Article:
I few months back, I went to see “Restrepo”, a documentary directed by Tim Hetherington. Hetherington died last week in Libya, a casualty of the wars he covered, just like over 4000 plus soldiers since we decided it was our place to mediate all of the Middle East.
For those who have seen “Restrepo”, the feeling of helplessness can’t be overstated. Why is it that we feel the need to fix these unfixable places with people whose best interests are not served by the fix?
I’m not sure what the answer is. But, I do know this. When somebody drops bombs on my home, threatens my livelihood, and then tries to call himself my friend, I’m skeptical, no matter how noble the cause. And, that is the role we’ve chosen in Afghanistan.
Hetherington’s movie shows us the difficulty in fighting in such a place. The enemy and the friend looks the same. The enemy and the friend make deals for survival. The enemy and the friend don’t want the war we’ve imposed on them.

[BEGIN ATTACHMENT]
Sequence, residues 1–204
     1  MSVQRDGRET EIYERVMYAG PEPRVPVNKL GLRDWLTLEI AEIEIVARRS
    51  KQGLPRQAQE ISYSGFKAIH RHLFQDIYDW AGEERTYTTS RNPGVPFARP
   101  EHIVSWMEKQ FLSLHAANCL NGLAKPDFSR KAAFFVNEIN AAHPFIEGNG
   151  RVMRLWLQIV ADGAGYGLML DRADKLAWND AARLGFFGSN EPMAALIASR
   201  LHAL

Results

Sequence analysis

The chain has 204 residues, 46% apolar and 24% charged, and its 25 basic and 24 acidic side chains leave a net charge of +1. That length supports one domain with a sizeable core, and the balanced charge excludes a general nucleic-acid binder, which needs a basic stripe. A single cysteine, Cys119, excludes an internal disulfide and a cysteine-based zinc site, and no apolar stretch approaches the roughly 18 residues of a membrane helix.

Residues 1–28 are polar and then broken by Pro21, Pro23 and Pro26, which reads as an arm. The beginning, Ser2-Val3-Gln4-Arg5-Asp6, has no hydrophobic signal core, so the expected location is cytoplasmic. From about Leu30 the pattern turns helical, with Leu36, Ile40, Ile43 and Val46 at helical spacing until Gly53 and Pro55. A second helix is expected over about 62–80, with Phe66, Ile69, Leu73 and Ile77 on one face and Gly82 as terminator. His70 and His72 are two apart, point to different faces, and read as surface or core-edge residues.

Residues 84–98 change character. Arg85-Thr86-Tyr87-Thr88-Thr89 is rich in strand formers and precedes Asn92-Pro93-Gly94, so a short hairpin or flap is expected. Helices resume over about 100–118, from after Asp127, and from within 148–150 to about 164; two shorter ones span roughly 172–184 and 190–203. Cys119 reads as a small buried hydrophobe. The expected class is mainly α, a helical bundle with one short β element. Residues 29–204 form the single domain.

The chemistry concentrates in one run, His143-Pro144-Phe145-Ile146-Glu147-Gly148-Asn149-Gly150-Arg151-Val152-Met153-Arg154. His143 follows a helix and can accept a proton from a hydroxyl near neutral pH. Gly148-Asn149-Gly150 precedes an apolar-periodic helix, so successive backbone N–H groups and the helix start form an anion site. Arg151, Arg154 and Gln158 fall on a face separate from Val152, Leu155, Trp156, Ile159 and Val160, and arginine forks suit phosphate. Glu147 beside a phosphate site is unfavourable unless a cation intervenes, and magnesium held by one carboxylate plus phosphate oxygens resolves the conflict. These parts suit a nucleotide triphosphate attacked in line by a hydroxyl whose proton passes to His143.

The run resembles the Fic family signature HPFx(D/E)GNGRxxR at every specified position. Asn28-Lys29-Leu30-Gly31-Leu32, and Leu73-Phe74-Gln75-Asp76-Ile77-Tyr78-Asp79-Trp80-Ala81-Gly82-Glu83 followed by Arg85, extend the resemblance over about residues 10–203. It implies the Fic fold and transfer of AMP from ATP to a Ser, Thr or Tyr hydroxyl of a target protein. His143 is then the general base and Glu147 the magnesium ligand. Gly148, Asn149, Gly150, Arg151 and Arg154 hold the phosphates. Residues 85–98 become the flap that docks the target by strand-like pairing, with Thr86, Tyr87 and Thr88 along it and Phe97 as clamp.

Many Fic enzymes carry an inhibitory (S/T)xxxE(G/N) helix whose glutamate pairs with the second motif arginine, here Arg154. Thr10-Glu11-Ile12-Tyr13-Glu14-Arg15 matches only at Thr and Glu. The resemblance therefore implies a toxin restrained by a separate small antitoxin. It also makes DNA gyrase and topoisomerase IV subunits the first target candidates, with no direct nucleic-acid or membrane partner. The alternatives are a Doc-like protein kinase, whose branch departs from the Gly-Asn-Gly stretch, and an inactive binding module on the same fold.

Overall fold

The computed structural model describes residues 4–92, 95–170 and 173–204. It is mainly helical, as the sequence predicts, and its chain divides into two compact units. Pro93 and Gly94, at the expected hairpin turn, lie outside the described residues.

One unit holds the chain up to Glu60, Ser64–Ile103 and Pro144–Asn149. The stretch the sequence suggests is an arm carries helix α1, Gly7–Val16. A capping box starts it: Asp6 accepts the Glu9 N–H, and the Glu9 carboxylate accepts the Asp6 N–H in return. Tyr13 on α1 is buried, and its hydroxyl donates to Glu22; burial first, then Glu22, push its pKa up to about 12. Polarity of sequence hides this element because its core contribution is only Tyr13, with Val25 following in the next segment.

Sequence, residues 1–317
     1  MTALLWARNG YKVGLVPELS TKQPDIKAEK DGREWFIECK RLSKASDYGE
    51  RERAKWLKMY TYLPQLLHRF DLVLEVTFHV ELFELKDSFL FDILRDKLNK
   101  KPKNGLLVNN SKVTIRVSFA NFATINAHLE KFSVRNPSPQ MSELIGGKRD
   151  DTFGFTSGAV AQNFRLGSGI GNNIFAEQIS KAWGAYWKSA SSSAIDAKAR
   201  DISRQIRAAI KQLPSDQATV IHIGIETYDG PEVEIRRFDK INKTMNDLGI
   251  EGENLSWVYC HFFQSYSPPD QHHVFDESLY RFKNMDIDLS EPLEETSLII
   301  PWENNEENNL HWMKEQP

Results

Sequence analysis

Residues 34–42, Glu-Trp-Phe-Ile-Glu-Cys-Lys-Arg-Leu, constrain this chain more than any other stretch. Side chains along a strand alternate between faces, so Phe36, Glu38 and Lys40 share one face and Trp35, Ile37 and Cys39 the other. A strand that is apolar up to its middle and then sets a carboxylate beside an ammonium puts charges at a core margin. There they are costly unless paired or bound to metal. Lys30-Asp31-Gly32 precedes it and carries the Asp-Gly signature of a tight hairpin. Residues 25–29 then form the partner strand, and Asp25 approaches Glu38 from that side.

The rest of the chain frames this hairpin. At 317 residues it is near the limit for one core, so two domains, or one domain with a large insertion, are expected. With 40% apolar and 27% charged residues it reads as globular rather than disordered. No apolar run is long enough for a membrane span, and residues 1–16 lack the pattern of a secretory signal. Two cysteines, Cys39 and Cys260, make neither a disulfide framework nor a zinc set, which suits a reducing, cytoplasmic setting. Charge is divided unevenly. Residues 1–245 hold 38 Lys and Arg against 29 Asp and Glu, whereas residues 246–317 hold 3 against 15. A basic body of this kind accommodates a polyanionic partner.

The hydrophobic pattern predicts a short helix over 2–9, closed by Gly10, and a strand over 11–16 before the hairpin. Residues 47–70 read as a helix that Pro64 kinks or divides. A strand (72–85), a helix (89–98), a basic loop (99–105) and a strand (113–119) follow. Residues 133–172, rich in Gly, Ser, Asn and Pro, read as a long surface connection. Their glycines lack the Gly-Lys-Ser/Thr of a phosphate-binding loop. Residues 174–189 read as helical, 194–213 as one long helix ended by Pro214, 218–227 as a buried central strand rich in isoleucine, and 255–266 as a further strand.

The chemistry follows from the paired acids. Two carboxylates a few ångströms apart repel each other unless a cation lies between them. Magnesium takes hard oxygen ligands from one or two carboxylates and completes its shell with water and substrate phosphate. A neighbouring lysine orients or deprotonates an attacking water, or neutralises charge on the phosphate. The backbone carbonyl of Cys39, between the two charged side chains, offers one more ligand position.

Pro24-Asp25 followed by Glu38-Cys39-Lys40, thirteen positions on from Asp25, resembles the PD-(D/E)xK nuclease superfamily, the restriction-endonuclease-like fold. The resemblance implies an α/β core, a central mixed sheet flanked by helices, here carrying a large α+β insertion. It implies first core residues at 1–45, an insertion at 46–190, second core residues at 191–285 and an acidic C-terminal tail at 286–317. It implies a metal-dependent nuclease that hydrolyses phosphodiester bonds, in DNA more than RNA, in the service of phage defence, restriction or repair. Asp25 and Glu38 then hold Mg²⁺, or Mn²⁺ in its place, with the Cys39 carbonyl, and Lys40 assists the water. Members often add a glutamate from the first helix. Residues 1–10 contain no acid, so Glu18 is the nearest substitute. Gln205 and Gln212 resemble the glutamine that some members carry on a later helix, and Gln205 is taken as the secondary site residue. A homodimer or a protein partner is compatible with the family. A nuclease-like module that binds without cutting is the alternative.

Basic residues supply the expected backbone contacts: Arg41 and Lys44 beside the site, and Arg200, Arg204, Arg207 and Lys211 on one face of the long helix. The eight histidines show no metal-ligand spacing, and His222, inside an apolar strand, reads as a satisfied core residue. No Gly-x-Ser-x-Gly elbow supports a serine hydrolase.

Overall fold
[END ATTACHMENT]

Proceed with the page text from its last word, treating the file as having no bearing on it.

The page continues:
He shows us how horrible the war is, and that the scars don’t need to be visible to be real. He shows us that wars aren’t video games, but life and death realities whose outcomes aren’t about who’s right or wrong, but who’s in front of the bullet when it arrives. And, in the end, it may be the survivor who’s most injured.
Survival there isn’t about what is right, but who will pay the most. Does the Taliban have the better deal? Does Al Qaeda offer cover? Does the eradication of the poppy fields really mean a better life?
The people of Afghanistan don’t have TVs, or understand the world situation. They just want to survive from one day to the next. The future is an esoteric argument, something to deal with tomorrow by thinkers, not survivors.
So, it is in that light that we fight. We are just the next in line trying to fix this unfixable place. And, eventually, we will leave, just like everyone else.